death. When she bursts into Heorot, the warriors
awake and grab their weapons. She is not as strong
as her son is, but she still is strong enough to
devour one warrior and snatch the arm down from
its place on the wall. The desire for vengeance
points to "the price of slaughter/ with a loved one's
Hrothgar hears of the slaughter of his beloved
thane Aeschere, and he hurries to the hall to
mourn. Beowulf, who slept away from the hall, is
summoned. Hrothgar updates him and tells him
about the man that Grendel's mother killed. He also
tells Beowulf that monsters like Grendel dwell in the
dark moors, which are difficult to reach. Beowulf
asks Hrothgar to lead him to the moors instead of
mourning for his friend. Hrothgar, Beowulf, and
their thanes saddle up and ride away.
At the bloodstained lake, the search party finds
Aeschere's head. They also see the serpentine
creatures that inhabit the murky lake, and they
shake with fear. Beowulf simply calls for his
armor. Unferth offers Beowulf his own sword,
namedHrunting. Beowulf then announces to
Hrothgar that his belongings should be sent
toHygelac if something happens. Before Hrothgar
can speak, Beowulf dives into the pool.
After a long time, Beowulf reaches the bottom of
the lake, where Grendel's mother waits for him. She
reaches for him, but his armor protects him. He
tries to cut her, but his sword can't cut her. The two
begin to wrestle, but neither gains the upper hand
in this combat. Beowulf spies a large sword nearby.
He manages to grab it, and in one mighty blow, he
beheads Grendel's mother. Light enters the murky
water then. Beowulf is still angry, however, so he
also beheads Grendel, who lies dead in the cave.
Meanwhile, the Danes and Geats are convinced that
they will never see Beowulf again‹ after all, he has
been underwater for such a long time. The Danes
soon leave, but the Geats wait. Sure enough,
Beowulf returns carrying Grendel's head and the hilt
of the sword (the rest of the sword melted upon
contact with Grendel's blood).
The need for repayment in some form is also a
constant theme within the poem. The monsters of
the poem all seek payment from life. Here Grendel's
mother seeks vengeance for Grendel's death,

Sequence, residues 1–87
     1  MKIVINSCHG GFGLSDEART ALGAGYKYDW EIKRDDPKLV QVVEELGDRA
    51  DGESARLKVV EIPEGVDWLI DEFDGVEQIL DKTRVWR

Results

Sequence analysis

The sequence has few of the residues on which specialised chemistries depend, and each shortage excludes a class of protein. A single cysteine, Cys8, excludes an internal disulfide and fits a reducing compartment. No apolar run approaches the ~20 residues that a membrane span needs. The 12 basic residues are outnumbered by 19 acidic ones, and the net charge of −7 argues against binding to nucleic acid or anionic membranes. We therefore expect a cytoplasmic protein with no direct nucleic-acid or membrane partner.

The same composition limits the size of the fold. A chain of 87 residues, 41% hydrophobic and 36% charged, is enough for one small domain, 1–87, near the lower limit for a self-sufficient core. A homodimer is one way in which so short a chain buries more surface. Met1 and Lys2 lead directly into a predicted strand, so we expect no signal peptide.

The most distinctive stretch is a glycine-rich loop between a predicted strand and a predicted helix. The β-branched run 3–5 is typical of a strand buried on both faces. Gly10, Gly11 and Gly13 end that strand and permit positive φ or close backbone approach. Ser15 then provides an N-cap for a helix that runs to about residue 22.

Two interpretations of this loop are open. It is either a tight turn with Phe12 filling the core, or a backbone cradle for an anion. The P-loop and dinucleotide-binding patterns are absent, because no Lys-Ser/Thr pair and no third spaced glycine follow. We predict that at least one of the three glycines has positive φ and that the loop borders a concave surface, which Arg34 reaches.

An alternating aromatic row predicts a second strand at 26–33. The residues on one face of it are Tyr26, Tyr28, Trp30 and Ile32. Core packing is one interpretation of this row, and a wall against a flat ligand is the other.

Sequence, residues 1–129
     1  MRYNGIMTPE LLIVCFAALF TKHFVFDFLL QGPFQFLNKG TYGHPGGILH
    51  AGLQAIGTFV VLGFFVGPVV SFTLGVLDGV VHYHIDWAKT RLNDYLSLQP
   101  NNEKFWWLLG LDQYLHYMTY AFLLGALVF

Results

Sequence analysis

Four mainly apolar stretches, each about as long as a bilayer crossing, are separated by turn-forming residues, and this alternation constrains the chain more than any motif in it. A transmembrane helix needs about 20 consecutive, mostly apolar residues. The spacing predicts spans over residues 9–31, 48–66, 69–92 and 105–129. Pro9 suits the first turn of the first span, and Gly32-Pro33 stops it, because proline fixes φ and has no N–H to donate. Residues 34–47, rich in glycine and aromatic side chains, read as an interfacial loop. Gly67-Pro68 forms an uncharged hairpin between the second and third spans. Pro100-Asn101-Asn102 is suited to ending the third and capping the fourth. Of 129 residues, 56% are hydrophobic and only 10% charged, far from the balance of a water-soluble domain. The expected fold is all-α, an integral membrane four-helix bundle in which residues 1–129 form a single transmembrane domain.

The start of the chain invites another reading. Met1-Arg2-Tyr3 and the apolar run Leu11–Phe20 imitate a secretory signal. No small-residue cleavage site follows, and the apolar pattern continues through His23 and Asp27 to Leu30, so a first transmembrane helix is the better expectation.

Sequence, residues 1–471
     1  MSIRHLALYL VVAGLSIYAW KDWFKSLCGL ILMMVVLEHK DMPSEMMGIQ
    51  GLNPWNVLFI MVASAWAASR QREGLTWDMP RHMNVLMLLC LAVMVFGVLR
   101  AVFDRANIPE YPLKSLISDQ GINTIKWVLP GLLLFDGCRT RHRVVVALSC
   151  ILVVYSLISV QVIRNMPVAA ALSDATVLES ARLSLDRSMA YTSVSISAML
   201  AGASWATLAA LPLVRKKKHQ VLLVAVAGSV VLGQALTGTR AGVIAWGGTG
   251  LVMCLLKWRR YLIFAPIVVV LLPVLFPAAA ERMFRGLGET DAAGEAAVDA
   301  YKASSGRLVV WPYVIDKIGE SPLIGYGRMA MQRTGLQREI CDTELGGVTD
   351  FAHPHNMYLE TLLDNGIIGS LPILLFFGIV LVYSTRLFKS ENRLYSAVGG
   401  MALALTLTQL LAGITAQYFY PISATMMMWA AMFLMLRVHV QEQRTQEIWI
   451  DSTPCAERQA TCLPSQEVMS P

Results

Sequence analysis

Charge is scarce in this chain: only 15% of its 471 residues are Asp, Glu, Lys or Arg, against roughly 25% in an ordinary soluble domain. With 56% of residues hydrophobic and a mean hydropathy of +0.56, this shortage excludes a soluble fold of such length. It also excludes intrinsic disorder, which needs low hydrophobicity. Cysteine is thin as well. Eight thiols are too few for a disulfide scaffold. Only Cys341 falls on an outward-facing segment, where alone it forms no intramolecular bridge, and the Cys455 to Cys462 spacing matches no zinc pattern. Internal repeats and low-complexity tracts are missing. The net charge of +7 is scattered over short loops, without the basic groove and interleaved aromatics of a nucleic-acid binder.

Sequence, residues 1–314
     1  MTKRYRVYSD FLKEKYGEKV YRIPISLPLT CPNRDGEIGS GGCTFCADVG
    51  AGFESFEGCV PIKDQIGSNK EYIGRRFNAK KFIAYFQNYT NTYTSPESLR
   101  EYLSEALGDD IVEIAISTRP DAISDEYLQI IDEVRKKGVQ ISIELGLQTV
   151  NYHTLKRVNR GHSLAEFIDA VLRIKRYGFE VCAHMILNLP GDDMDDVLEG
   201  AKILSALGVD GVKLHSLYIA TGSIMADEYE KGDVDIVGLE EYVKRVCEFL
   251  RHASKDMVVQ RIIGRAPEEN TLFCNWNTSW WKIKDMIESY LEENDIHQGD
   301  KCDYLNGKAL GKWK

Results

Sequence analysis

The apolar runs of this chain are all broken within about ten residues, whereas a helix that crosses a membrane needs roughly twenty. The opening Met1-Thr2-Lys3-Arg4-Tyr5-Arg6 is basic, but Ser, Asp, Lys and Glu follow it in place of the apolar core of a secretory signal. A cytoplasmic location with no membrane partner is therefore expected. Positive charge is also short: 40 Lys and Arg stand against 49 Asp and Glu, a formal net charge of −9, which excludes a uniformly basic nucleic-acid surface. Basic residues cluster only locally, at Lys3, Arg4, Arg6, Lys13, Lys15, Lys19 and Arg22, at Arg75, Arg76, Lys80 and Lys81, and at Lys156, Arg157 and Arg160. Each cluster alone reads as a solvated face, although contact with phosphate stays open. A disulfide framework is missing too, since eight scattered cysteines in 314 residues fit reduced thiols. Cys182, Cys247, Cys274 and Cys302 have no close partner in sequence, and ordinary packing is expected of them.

wanting to take a life for his life. Grendel attacked
Heorot because he wanted revenge for being
shunned and despised. The humans think of
repayment for life in monetary terms, with what is
called "wergild." Beowulf is repaid for his dead man
with treasures; Hrothgar cannot understand how to
pay a fitting wergild to Grendel for all his lost men.
The attack here is thus an attempt for Grendel's
mother to retrieve the wergild on her son's life.
Hrothgar and his men show their usual cowardice in
this section. Instead of asking who has killed his
beloved thane and resolving to do something about
it, Hrothgar merely weeps over the dead body. The
Danes and Geats both quake in fear at the sight of
the creatures and Aeschere's head. Beowulf,
meanwhile, acts bravely, asking Hrothgar to take
him to the moors, simply diving into the water
instead of hanging around talking.
This battle is not as easy for Beowulf as the first
one was. We knew that he could swim for great
distances‹ we learned this in the Breca episode. Yet
it takes more than Unferth's sword to defeat
Grendel's mother. In fact, the battle is won when
the giant sword magically appears. This represents
Beowulf's decline even in the prime of his life‹ from
this point, the battles will get harder for him.
The battle can be seen as a Christian allegory.
Beowulf swims to hell (the underground of the
moors). It is a dark place. He does battle with the
devil (Grendel's mother). Although he nearly loses,
God grants him a sign that will help him win (the
vision of the sword). Beowulf kills the devil, and
light from heaven fills hell as a blessing. Beowulf
then returns from the darkness of hell to reach the
light of heaven. In this allegory, Beowulf represents
Jesus' descent to hell and return to life in the
Resurrection. Later the poet will compare Beowulf to
The Geats return to Heorot, where Beowulf presents
the head and the hilt to Hrothgar. Hrothgar marvels
at the runes on the hilt, which must have been
made by giants. He praises Beowulf for his great
courage. He repeats the story of evil
King Heremod for Beowulf, then advises him on how
to be a good king. We learn that Hrothgar has ruled
for fifty years. He thanks God for protecting the
Danes, and then calls for another feast. They party
until late, and again the warriors all sleep in the
The next morning brings no slaughter, thankfully.
Beowulf and his company wish to hurry back to
their own land. Beowulf
returns Hrunting to Unferth and thanks him kindly.
Before leaving, Beowulf thanks Hrothgar for the
treasures, and he offers the help of the Geats if the
Danes should ever need it. Hrothgar thanks Beowulf
and predicts that the boy will become a great hero-
king. As he watches the Geats pack up, Hrothgar
wishes that Beowulf could stay. We learn that
Hrothgar lived the rest of his days as a good king
until he died.
The story recounted on the hilt of the sword is that
of Noah's Great Flood as recorded in Genesis. This
reinforces the constant emphasis on water that has
been shown throughout the poem. The Flood
narrative has a special relevance here. We are
reminded of the fate of all Cain's previous
descendants in that great flood; again his
descendants (Grendel and Grendel's mother) have